In our previous post, we began discussing the importance of asset protection planning.
Asset protection addresses several types of wealth preservation strategies in estate planning, including long-term care costs, liabilities connected to lawsuits, estate and gift taxes, managing a spendthrift son or daughter, or losses connected to poor investments. Proactively addressing these types of concerns in estate planning goes a long way in protecting your wealth so that you are able to pass on as much as possible.
Being proactive and avoiding procrastination is very important when it comes to asset protection planning, since it is usually much harder to deal with claims or liabilities after they have arisen. Asset protection planning done after such liabilities arise may lead to fraudulent transfer actions. Fraudulent transfer is a civil cause of action brought by creditors or bankruptcy trustees involving a situation in which the debtor donated assets to an asset protection scheme, leaving no assets with which to pay creditors.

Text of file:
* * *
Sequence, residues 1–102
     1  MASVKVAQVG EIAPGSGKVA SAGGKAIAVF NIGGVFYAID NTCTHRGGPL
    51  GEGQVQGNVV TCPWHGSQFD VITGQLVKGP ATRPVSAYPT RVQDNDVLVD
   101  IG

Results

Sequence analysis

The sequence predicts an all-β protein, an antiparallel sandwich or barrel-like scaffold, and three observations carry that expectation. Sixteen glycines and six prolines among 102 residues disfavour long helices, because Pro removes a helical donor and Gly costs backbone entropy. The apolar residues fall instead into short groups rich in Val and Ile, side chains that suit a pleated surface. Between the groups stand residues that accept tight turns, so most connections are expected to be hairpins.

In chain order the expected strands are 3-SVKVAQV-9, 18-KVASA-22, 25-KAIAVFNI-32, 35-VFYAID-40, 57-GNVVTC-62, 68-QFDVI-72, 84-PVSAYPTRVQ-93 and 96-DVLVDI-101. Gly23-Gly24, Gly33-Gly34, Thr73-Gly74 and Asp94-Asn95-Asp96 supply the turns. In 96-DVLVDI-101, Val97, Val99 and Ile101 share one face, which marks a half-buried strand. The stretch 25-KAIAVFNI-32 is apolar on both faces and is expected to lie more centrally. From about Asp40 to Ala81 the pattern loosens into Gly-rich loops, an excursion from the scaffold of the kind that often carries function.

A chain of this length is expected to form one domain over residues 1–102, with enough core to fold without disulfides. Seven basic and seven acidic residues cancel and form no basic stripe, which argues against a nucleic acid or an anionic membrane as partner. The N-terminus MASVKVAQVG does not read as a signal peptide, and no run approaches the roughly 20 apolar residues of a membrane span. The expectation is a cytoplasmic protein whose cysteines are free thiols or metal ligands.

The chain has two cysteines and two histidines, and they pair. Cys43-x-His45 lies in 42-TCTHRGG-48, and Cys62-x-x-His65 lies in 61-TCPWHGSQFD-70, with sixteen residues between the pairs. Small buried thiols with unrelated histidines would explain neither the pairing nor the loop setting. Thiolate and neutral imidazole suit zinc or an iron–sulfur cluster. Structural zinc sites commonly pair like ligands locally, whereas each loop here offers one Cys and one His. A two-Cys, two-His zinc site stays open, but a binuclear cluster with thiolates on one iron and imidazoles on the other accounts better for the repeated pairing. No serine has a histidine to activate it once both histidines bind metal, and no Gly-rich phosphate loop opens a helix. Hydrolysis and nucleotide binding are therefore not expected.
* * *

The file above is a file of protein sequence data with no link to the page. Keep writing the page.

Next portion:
In fraudulent transfer actions, a transfer is considered fraudulent if it takes place within a time frame specified under the relevant statute. That time frame can include transfers made before the asset protection scheme was set up. The time frame is dictated by the Bankruptcy Code and the Uniform Fraudulent Transfer Act, the latter of which has been adopted by a majority of the states. Needless to say, it is best to start doing asset protection planning before any such claims arise.
Planning for asset protection after a claim already exists can result in further problems. Debtors and those who assisted the debtor may end up being responsible for the creditor’s attorney fees, and if a bankruptcy is involved, the debtor may not be able to discharge his or her debt.
In our next post, we’ll continue with our final installment on this topic.
Source: Forbes, “Ten Rules For Asset Protection Planning,” Jay Adkinsson, 13 July 2011.